Have you heard of the legendary violin pedagogue Itzhak Perlman? He had two incredible women in his life. One was his teacher, Dorothy DeLay, at Juilliard in New York. Her teaching style was to inculcate (infuse) his way of thinking and learning so that he could make his own way once she was no longer guiding him.
The second woman, and I would say the most important, was his wife. After meeting Itzhak in college she gave up becoming a concert violinist to become his coach. He says having her as a coach was crucial to all that he became. She spent each concert paying close attention to every bit of information that he needed in order to become spectacular, meaning 'better', at his craft.
I heard this story when I first listened to a renowned surgeon named Atul Gawande who recognized the great benefit of having a coach share his experience at a TedTalk. He brought up that many of us believe that expertise means not needing a coach. I would add to that and say, if we believe we have expertise in an area but don’t need help in continuing to grow, then are we wise experts? Or merely those who expertly plateau?
He goes on to share that in 1875 Harvard and Yale played one of the first college football games. Yale hired a head coach but Harvard did not. Over the three decades Harvard only won three times. They finally hired a head coach, and these games set a precedent for all future sports teams to have coaches.
Why do we as a society think that we are supposed to get along on our own just fine? We go through 13 years of schooling before any ‘higher education’ of another four to eight or more, and we are dumped into a world in which many of the hard truths and necessary lifeskills were never taught in a class we took. Yet the first third of our lives are spent with others telling us what to think and when to think it.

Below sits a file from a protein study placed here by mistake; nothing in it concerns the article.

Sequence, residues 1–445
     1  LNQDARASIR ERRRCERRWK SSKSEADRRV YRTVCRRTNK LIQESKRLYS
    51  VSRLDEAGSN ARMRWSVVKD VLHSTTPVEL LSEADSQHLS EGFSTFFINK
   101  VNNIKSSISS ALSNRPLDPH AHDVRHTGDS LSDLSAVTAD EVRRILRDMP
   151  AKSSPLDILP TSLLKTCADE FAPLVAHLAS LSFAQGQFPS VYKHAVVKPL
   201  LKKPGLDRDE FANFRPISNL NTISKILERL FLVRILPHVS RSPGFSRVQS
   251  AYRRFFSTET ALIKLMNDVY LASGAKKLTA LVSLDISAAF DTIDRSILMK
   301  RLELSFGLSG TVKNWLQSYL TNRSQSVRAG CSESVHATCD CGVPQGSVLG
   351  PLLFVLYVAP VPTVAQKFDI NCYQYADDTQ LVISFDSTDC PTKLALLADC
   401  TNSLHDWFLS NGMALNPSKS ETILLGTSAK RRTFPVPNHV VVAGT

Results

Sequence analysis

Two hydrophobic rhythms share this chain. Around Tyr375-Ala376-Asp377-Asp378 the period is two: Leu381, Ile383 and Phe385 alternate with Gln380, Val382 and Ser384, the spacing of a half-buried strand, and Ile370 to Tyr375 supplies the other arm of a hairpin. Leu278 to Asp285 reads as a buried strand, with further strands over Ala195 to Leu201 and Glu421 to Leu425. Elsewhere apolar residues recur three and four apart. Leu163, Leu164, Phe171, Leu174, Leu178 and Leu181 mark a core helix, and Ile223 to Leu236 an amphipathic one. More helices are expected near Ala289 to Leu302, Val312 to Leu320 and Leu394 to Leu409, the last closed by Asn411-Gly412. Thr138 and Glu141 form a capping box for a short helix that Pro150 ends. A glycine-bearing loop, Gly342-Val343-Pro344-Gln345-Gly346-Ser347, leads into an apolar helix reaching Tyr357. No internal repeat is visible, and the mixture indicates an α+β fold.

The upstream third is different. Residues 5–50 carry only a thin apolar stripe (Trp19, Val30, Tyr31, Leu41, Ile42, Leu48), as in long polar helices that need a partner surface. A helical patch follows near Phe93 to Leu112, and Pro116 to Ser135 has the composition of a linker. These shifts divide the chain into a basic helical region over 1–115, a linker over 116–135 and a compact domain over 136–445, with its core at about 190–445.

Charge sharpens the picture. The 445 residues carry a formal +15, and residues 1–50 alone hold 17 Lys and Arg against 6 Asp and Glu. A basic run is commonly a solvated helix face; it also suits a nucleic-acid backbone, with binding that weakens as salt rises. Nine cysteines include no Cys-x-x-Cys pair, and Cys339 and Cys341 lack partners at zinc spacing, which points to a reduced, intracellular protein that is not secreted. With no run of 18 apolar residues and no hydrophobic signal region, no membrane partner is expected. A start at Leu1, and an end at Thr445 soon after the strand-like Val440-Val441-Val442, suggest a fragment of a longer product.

The good doctor went on to say, "Coaches are external eyes and ears providing a more accurate picture of your reality. They're recognizing the fundmentals, breaking your actions down and helping you build them back up again."
If we are not improving, are we moving forward at all? Are we a stagnant pond or a river of fresh, flowing water?
Please know that I am an extreme advocate for loving yourself right where you are and speaking life and not shame over yourself. But I will still ask, "When was the last time you felt you were getting better at being you? Better at doing the things you wish you were further along in? Growing in the areas that others see you need growth in but may still be your personal blind spots?"
I wish someone would teach a class on how to be diplomatic in conversation and less honest about what is really going on in our minds. Or would teach that we are all so different from one another and how to not project our own thinking and perceptions onto others. That it is okay to have an opinion but hurtful to shame someone with it. A class on comparison would've been nice; to let us know that it only produces two kinds of fruit- pride or pain.
My snarky is about to come out:
I wish someone would have told me that pain in your left shoulder can actually just be referred gas pain. It would have saved someone I know a great deal of pain and sleepless nights over the course of two years. I would have been able to say ‘stop drinking carbonated drinks and eating so much watermelon!’. But no one taught me this. My nurse friend said that some people come into the ER thinking they are having a heart attack and it’s only trapped air.
Come on people. Who’s gonna grow us up? Some of us don’t even know the difference between near-death and bloat.
All sarcasm aside, my point is that I have longed for someone to grow me and show me and lead me and care. There have been a few and I call them friends. But the idea in our culture that we should be getting through all of this on our own is a terrible one. I saw this card at the store yesterday:
"There are always assumptions and expectations made, but oftentimes no one to give direction about how to meet them."
This says it all my friends, it says it all.
I truly believe mentors and coaches are the cord of hope that we can hold onto. I pray that you find one, and maybe even two, who would love to walk with you as you find your path and try to stay on it. It is a rough road sometimes and we need those who will hold our hand and at times who will hold back our hair.
An old Laura proverb:
"May you find your village. May you find guidance along the way. And may there be a kindly nurse there who turns you away from the emergency room billing department and tells you to go lie down on your left side for an hour."